Also take a look at whether your 401(k) plan offers funds from companies other than the recordkeeper—that's the company that manages your plan and will have its name stamped all over the marketing materials. Open architecture—offering investment choices from other fund companies—is one sign of a "best in breed" plan designed with the investor's best interest at heart, rather than a plan designed to keep all of the assets in the hands of the recordkeeping company.
Your plan hasn't kept up with the latest thinking on enrollments
About 50 percent of plans automatically enroll participants, according to the Boston-based Center for Retirement Research, and good plans put enrollees into low-cost lifecycle or target date funds. Top-notch plans also automatically increase your contributions as your salary increases. Those kinds of changes help people achieve retirement security; if your plan administrator hasn't kept up with the latest research on enrollments, there's a chance there are other flaws in the plan, too.
Low participation rate
You can find some information on participation rate on BrightScope; you can also ask your company's human resources department. If your plan has automatic enrollment, look for a participation rate of more than 90 percent. If it doesn't "look for at least north of 50 percent," said Alfred. If the participation rate is low, ask what your fellow workers know that you don't.
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There are three kinds of fees in a 401(k) plan: administrative fees, fees on the underlying investments and fees such as those charged for taking out a loan against your account. Fees are important, but to judge the quality of your plan, you need to compare your 401(k) to other plans of its size. BrightScope enables some of those comparisons. After new Department of Labor regulations requiring companies to disclose the fees in 401(k) plans, you should receive fee disclosure statements about the fees in your plan.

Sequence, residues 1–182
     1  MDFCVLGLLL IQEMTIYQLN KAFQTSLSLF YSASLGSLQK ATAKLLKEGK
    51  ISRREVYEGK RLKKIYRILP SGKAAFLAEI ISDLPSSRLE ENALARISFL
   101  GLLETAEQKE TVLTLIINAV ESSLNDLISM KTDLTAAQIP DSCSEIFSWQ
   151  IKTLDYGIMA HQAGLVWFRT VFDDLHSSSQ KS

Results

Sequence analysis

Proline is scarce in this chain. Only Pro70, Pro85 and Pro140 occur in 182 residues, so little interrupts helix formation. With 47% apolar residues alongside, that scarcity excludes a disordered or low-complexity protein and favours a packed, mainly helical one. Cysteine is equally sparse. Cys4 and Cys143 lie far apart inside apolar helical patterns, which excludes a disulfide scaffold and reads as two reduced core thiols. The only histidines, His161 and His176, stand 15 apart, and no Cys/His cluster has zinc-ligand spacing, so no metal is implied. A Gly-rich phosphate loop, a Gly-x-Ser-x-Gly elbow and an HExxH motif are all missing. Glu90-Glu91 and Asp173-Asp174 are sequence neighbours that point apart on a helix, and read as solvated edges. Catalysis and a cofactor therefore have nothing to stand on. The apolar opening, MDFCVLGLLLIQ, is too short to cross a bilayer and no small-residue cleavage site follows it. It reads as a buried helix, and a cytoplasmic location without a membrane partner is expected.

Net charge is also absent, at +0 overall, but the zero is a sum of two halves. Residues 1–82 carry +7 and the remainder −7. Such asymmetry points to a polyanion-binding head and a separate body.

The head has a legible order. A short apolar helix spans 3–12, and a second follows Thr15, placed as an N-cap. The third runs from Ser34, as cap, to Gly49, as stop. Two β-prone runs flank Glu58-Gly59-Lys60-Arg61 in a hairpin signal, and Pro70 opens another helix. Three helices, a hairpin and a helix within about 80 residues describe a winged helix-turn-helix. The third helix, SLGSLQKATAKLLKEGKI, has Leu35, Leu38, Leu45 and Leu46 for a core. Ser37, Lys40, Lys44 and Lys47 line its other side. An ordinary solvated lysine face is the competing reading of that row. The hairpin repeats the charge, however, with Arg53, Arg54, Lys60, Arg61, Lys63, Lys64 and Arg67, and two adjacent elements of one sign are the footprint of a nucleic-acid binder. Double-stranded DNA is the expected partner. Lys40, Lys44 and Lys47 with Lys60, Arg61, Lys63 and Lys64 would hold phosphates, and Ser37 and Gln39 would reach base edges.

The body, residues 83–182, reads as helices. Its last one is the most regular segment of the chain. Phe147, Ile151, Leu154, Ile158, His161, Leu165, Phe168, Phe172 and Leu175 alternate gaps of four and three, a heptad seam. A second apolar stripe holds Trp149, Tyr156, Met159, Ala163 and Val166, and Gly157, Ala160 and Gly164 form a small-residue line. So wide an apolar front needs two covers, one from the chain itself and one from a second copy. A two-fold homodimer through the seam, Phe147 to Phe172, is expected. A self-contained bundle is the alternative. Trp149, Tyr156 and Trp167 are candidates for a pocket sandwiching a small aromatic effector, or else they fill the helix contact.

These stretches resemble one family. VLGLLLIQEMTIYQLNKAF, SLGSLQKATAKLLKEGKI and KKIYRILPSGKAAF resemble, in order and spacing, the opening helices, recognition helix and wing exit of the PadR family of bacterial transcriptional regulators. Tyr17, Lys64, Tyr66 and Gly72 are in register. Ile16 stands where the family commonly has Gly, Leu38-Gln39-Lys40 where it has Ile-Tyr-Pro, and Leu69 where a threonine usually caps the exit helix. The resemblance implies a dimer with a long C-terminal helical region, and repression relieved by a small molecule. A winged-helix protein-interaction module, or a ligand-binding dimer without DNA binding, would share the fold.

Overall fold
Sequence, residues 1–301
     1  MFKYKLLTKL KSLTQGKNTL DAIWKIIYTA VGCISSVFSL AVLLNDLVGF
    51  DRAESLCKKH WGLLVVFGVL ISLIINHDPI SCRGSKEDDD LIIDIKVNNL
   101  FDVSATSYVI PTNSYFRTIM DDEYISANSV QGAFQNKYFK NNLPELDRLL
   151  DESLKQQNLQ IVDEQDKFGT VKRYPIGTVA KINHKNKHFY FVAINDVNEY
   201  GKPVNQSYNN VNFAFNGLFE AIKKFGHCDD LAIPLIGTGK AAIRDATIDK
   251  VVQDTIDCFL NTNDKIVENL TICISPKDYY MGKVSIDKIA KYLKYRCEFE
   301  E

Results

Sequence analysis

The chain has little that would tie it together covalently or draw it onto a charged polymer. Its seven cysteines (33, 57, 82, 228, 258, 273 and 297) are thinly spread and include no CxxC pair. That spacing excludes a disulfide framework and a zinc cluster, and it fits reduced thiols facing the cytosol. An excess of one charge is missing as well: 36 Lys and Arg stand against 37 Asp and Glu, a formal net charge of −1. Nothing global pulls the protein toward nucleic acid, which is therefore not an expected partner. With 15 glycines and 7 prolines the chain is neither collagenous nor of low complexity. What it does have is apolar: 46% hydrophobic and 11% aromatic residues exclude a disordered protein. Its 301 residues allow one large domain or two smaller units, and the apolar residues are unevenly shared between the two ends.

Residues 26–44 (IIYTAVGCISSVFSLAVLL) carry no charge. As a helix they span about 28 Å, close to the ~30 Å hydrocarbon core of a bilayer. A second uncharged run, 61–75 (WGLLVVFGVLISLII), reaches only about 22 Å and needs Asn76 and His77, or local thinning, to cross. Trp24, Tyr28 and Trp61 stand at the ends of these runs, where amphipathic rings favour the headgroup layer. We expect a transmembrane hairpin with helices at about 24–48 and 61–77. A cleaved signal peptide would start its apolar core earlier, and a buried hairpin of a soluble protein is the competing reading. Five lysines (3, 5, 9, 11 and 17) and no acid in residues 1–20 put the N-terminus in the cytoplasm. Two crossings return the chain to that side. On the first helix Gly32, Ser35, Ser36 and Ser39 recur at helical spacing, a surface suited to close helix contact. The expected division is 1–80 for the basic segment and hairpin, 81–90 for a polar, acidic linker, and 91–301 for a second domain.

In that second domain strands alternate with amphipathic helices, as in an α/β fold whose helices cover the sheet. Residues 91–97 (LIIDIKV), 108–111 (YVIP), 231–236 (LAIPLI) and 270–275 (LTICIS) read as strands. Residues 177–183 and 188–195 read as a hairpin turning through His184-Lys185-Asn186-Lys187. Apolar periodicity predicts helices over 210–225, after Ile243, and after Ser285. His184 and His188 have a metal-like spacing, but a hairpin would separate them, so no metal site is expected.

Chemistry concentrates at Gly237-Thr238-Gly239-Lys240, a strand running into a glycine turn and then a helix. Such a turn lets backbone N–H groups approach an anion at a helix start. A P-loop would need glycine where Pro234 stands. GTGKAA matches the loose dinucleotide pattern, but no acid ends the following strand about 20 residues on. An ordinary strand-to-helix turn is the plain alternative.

A study by the Alexandria, Va.-based Society for Human Resource Management found that in 2012, the average all-in fee for small plans was about 1.5 percent and the average for large plans was just above 1 percent. This is an important distinction: if you are a participant in a small plan you can't expect the same fee level as participants in a large plan—economies of scale work to the advantage of plans with more assets under management. So you have to do an apples-to-apples fee comparison based on plan size, as well as services offered—even if you don't use every one of those services.
If you want to drill down even deeper, compare how much your 401(k) plan charges for an S&P 500 Index portfolio—which should be the most competitively priced—versus the management fee on Vanguard Group's S&P 500 fund, which is at at 0.17 percent.
So now what?
If your plan shows a number of the signs above, you have two choices: put your retirement savings into an IRA or a Roth IRA—that's usually a good choice, but only if your company doesn't offer a match. You can set up automatic deductions to keep your contributions flowing. Your other choice is to keep your money in the 401(k), organize your fellow employees and try to effect change—something the recent Department of Labor 401(k) disclosure requirements are intended to spur you to do.
It's getting easier to do that, too: online financial planning sites allow you to analyze 401(k) fees and then send an email directly to your company letting them know the 401(k) offering they've provided doesn't measure up to the competition. The jury is still out on how effective that measure is if you don't already have a good relationship with your company's HR department or CEO, but in the least, it's a step in the right direction of trying to have your voice—and the voice of all the others comprising the $4 trillion in 401(k) assets—heard.
—By Elizabeth MacBride, Special to CNBC.com